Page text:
- Fill the containers with your potting soil as normal. Be sure to remember to remove all rocks and hard clumps from within the body of the soil.
Planting and Caring for Beets
Now that you've got all the supplies and preparation work checked off, it's time to plant and grow some beets! The following process will guide you from planting beet seeds all the way up to harvest time.
- Beet seeds have a tough seed coat that can lead to long germination times. To help speed the time it takes your beets to sprout, soak the beet seeds overnight in dechlorinated water. This helps soften the seed coat, making it easier for the seedling to sprout.
- Plant beet seeds a half inch deep and spaced 2–3 inches apart. In containers, you can plant the beet seeds in all directions for a full crop. Just be sure to leave at least an inch between the rim of the container and the first planting of beets.
- Cover and water the seeds well. Keep the soil moist and the beets should germinate within a couple weeks time.
- Once the majority of the beet seeds have begun to sprout, thin out the seedlings so that they stand three inches apart from each other. When thinning your seedlings, try using scissors to cut at the base of unneeded seedlings. Pulling these could cause root damage to the remaining beets.
- Now that they are thinned to proper spacing, watering will be your main task. The soil of beets should be kept moist, but not waterlogged. For most outdoor containers, watering beets every other day should do the trick. When the top inch of soil has become dry, it's time to water.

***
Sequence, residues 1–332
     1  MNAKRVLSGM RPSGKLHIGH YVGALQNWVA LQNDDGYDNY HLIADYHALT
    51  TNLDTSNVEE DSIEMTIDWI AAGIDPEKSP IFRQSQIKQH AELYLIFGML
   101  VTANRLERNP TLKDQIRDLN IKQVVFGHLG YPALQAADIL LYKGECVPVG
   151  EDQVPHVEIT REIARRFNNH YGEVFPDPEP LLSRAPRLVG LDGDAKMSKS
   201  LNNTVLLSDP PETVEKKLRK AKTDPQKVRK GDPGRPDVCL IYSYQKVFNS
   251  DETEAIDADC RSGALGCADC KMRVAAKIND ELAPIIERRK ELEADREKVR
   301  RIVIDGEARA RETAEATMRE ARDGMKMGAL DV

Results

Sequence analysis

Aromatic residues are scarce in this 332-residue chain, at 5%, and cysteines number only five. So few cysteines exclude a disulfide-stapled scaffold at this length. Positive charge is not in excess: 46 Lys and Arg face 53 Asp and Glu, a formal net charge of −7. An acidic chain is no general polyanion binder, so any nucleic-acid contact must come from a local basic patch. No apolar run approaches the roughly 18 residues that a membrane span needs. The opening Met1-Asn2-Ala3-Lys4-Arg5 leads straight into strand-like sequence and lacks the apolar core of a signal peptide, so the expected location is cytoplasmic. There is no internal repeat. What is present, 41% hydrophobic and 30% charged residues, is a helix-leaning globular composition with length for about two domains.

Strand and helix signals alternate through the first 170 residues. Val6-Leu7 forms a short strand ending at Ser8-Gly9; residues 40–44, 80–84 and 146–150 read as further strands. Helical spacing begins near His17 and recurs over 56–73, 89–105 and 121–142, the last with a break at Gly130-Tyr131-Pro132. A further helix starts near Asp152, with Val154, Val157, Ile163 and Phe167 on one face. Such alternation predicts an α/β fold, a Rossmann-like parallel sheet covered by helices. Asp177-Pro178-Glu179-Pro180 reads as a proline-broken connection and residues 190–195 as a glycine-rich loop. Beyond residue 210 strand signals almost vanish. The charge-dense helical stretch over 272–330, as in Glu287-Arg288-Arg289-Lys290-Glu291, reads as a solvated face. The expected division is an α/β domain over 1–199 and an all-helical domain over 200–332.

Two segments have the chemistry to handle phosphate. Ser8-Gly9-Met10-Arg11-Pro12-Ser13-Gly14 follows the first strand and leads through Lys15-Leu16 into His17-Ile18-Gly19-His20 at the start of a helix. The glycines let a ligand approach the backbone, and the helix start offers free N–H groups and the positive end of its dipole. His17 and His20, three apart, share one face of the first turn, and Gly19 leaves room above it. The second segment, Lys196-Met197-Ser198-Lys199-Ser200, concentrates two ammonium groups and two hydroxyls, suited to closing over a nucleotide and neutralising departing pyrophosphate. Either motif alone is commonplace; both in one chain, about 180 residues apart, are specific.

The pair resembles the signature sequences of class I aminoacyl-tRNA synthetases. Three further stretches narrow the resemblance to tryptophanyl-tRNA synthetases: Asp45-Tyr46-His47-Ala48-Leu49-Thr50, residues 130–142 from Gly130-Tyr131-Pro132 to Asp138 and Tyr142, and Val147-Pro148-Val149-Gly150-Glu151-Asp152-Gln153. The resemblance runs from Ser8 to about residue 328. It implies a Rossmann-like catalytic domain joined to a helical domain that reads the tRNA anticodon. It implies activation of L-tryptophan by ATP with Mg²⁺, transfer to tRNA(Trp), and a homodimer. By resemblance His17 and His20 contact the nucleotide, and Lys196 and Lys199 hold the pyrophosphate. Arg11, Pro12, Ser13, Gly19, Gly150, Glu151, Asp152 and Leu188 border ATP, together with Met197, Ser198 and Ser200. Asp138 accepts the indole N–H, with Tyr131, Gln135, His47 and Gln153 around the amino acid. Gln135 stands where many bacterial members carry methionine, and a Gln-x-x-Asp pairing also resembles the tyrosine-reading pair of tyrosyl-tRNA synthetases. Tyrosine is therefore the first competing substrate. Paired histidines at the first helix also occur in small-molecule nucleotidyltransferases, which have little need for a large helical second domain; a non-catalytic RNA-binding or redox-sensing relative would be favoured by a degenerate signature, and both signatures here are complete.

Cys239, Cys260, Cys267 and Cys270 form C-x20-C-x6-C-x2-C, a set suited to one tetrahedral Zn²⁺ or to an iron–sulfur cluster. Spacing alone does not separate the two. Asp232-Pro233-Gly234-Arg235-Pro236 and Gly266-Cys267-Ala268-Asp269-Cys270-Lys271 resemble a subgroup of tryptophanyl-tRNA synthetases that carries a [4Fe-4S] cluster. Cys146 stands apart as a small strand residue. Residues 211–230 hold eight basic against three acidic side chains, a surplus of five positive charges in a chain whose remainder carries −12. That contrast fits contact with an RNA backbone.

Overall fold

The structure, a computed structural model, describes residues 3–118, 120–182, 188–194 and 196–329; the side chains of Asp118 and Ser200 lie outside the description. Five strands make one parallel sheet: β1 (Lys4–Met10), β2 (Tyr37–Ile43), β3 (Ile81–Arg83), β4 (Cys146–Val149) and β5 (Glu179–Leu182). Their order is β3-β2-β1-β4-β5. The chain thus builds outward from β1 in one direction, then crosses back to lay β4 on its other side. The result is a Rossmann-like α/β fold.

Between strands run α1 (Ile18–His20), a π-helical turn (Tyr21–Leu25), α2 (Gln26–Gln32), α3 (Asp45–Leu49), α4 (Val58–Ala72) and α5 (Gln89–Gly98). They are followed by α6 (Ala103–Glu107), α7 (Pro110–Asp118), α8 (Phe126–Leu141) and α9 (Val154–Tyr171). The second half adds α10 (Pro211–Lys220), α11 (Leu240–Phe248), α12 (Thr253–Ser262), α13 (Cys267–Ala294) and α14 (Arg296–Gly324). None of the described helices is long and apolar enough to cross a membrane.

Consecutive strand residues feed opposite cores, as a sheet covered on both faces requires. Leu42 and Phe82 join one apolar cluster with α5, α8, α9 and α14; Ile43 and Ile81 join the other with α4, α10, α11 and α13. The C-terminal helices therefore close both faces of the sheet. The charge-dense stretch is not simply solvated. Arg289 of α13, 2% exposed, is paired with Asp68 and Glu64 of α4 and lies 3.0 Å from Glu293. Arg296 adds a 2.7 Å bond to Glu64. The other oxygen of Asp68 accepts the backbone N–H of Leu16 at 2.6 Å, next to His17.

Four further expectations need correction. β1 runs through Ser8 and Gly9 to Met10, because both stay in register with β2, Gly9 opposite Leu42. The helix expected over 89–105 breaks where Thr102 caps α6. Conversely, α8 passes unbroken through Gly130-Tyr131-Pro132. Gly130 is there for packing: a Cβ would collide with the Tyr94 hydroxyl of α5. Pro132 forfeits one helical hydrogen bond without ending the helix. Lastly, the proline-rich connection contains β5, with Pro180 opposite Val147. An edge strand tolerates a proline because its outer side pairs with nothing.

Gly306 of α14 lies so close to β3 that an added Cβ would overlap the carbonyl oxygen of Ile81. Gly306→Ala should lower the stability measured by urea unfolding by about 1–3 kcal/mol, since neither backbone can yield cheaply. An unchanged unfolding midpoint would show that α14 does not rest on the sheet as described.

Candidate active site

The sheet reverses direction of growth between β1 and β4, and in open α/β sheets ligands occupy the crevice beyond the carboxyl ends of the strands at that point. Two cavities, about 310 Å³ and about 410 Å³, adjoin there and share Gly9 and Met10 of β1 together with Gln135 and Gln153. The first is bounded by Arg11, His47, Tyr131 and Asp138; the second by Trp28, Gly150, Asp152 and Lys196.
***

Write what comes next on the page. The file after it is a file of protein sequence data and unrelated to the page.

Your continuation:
- When the beet plants have reached an age of around one month, prepare to administer your fertilizer. Follow the directions provided with your fertilizer and prepare one application. This will greatly boost beet production and ensure a bountiful harvest.
Alright, now that you've held up your end of the deal for 50–60 days of actively tending your beets, they should be just about ready to harvest! Maturing times will of course vary slightly among the different varieties of beets, but plan to pick once they've reached size of 1 1/2 to 2 inches in diameter. They can be grown larger, but tend to loose sweetness and become fibrous.
But wait, it's not just all about the root! Beet leaves may also be picked and consumed throughout the season. For the most tender and flavorsome leaves, pick young when less than 6 inches in length. Older leaves may be used like chard. With edible leaves in the mix on top of an already versatile and delectable root, beets can be an extremely efficient crop to grow.
Have you grown beets? If so, which variety?
With the new knowledge at hand, you'll be growing successful crops of container beets throughout the season. I wish you the best of luck and thank you for stopping by to read my article on how to grow beets in pots. If you do happen to run into problems during your beet farming experience, please feel free to leave me a comment. I'll be glad to help out.
This article is accurate and true to the best of the author’s knowledge. Content is for informational or entertainment purposes only and does not substitute for personal counsel or professional advice in business, financial, legal, or technical matters.
© 2012 Zach